Jesus invites his friends and those around him to follow him and join him in this life of call, faith, and healing. “Let us go…”

I think that is the thing we forget as we begin to see where ministry is taking us – taking us individually as fellow members on this journey, but also taking us as a group in ministry. It is nerve-racking to see where God might be leading us. Leading us to new opportunities to bring and receive God’s word of healing, life, forgiveness, and love.

Jesus is with us as we venture out. Venturing outside these walls at Redeemer, venturing outside the walls that we erect in our lives, venturing past the ideas of walls that block others from joining us. Jesus calls us outside that which makes us feel comfortable and safe. Jesus calls us into opportunities that involve risk.

Yet, all the while Jesus is present with us in that ministry and in those opportunities.

As we are invited into these new opportunities of ministry, Jesus is saying, ‘there is other work also.’

There is other work, where can we be called to bring new life and hope into the community around us? Where can we offer ourselves and what we have in abundance to bring hope to a world that yearns for it?

As we gather food and money today for the Manna House through the Souper Bowl of Caring, perhaps that new opportunity for ministry is to volunteer at the Manna House. To see, to know, to love those who are in need in our community. Maybe that might lead you to find other ways to care for those in a more profound and sustaining ways. In that risk; the risk that reaches into our abundance to give to others – Jesus is there.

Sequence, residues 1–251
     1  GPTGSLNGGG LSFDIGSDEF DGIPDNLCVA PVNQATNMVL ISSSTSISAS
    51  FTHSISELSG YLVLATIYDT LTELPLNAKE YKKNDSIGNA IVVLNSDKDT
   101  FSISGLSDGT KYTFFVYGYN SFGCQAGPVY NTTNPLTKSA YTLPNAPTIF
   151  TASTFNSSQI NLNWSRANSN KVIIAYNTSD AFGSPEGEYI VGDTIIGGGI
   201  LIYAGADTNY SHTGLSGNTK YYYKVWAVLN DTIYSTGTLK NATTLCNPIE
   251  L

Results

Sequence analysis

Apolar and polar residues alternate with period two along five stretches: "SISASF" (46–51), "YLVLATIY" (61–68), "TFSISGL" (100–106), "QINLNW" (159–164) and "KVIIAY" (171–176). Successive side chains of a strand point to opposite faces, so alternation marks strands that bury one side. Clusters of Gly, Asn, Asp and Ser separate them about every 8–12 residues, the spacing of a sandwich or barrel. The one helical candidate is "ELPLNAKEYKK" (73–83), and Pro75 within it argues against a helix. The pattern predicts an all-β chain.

Perhaps it is doing the ‘odd’ and risky thing and not getting wrapped up in the spectacle of the Super Bowl of football today. Not saying we cannot watch or enjoy the game, but understanding that it is just a game and that there are opportunities to help those in need in deep and helpful ways. Maybe skipping past the pre-game festivities and joining in on the worship service at White Oak last this afternoon to continue to help spread this hopeful word of God’s gospel to those who might be looked over or even forgotten. In that risk; the risk of stepping out of the flow of the social pressurized world to intentionally be with those on the outskirts – Jesus is there.

It is risky, it can be scary. Yet, we remember – Jesus is there. Jesus is inviting you – inviting us – to go. To be on the move. To not sit idly by. To be with. To venture forth. To proclaim God’s message of love, forgiveness, and hope. Amen.